Easier-than-pie Thanksgiving wine choices

   People tend to fall into two camps when picking a wine to drink with Thanksgiving dinner. There are those who fret over every detail of precisely which wine will pair best with each course. And then there are those who just throw up their hands and go with whatever wines they like best.

   Far be it from me to tell you not to drink what you like. (Though I’m not sure of the wisdom of drinking, say, sauvignon blanc with such a hearty, complex meal.) Luckily, one of my favorite reds – and I think a red really goes best with turkey – is also a good match for Thanksgiving: pinot noir. (Equally appropriate: red wines made from Rhône varieties such as syrah and grenache.)

   No matter what wine you choose, there are some helpful principles to keep in mind. Nothing too delicate. The traditional feast is likely to overwhelm that expensive, aged Burgundy you might be tempted to serve. I like to drink something assertive – but not too tannic or alcoholic – with ample fruit and acidity.

   Of course, if you’re feeding a crowd, you could simply ask everyone to bring bottles to share. Let everyone else fret about the wine.

   But back to pinot noir. I’ll happily drink imported wines almost any day of the year, but for this American holiday, I stick to American wines. In this case, pinot noirs from California and Oregon. (Note to those who aren’t so rigid about the American theme: Beaujolais of all types, even nouveau, is a good, affordable choice.)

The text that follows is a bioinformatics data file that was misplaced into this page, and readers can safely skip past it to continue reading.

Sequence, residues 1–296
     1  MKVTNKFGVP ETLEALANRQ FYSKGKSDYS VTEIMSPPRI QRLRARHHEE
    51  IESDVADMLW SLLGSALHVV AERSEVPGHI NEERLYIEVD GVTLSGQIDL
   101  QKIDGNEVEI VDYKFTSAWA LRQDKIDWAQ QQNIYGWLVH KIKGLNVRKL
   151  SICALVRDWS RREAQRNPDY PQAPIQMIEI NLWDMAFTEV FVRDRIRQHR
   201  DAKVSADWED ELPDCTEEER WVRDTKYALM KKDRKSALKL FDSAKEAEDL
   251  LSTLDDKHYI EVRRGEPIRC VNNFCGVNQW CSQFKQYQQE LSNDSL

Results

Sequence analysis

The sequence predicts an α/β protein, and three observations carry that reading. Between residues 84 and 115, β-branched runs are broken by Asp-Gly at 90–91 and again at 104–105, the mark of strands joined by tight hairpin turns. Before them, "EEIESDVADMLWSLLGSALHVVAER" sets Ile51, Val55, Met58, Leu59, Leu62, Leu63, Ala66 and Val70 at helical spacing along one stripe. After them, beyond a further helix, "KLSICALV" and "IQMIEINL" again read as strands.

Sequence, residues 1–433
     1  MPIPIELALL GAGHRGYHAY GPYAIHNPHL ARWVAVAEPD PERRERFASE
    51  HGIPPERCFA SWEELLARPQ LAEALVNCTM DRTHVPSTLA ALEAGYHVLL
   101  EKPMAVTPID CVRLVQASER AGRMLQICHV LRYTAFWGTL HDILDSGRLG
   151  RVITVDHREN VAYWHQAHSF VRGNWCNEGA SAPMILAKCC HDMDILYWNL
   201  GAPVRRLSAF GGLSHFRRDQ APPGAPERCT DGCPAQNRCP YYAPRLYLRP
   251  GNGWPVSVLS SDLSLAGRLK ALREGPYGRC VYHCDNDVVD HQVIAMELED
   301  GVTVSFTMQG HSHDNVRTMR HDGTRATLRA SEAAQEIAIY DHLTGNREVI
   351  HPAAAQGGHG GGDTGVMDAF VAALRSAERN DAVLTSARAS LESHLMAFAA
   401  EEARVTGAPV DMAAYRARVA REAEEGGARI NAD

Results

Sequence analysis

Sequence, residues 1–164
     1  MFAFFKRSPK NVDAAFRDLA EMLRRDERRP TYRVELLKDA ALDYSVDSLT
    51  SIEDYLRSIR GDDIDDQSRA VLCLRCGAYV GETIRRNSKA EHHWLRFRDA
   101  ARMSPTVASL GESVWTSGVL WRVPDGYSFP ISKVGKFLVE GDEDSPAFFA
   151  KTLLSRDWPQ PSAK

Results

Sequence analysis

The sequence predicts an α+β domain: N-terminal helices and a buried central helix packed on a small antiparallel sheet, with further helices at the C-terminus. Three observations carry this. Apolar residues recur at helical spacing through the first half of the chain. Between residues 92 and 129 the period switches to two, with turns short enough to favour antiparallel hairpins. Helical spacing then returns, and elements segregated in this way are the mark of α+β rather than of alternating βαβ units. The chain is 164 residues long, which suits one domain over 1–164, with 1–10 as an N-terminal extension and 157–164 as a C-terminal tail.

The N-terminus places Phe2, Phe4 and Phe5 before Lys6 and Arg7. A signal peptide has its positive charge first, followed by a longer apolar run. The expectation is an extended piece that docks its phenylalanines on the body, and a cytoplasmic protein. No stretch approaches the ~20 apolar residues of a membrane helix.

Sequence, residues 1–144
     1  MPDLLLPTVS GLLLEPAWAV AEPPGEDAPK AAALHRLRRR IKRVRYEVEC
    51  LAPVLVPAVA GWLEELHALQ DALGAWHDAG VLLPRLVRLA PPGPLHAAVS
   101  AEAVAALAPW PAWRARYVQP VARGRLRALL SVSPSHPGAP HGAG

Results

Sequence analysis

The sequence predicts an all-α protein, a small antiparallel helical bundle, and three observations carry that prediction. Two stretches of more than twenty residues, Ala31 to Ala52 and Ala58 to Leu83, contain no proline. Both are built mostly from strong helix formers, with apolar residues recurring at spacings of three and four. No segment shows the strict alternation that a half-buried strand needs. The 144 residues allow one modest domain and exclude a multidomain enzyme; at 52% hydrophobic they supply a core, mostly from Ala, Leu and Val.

So let’s start our pinot tour in Sonoma County’s Russian River Valley, which is famous for that grape. One well-priced choice is the 2020 Balletto Pinot Noir ($34), which is spicy and pure, with raspberry and crushed strawberry, a hint of what the French call sous bois (which sounds so much more charming than “forest floor”) and supple tannins.

   Another good Russian River choice is the 2018 Gary Farrell Hallberg Vineyard Pinot Noir ($55), which is dark and structured, with lively raspberry and nice purity. The structure should stand up to heartier food. The non-single-vineyard 2020 Gary Farrell Pinot Noir ($45) doesn’t have quite the personality and heft of the Hallberg, but it’s still very good and should be easier to find.

   Moving to California’s Central Coast, the 2019 Cru Winery Sierra Madre Vineyard Pinot Noir ($50), from the Santa Maria Valley, displays the bright strawberry and raspberry fruit that region is known for, along with that forest floor thing. The wine has nice tension and a velvety texture.

   The 2020 Siduri Santa Barbara County Pinot Noir ($30) is spicy, dark and woodsy, with raspberry fruit and fine tannins. And the 2021 Sostener Monterey County Pinot Noir ($20) offers lively red cherry with hints of vanilla and baking spice, as well as a sneaky tannic edge that should be tamed by the meal. It’s also a great buy.

   The 2019 Landmark Overlook Pinot Noir ($27) mixes Sonoma and Monterey counties for a wine with fresh, dark raspberry and cranberry, a woodsy note and a long finish. Plenty of flavor for a good price.

   Moving on to Oregon, I loved the 2019 Cristom Eileen Vineyard Pinot Noir ($75) from Eola-Amity Hills. It’s spicy and structured, with raspberry fruit, a leafy note and a lot of energy. It’s also pricey, so you could consider Cristom’s Mt. Jefferson Cuvée, which is also very good and, at $45, more affordable.

   More affordable still (and reasonably easy to find) is the 2021 Acrobat Pinot Noir ($19), a spicy wine with red cherry and raspberry, accented by a slight peppery/leafy note, and finishing with smooth tannins.

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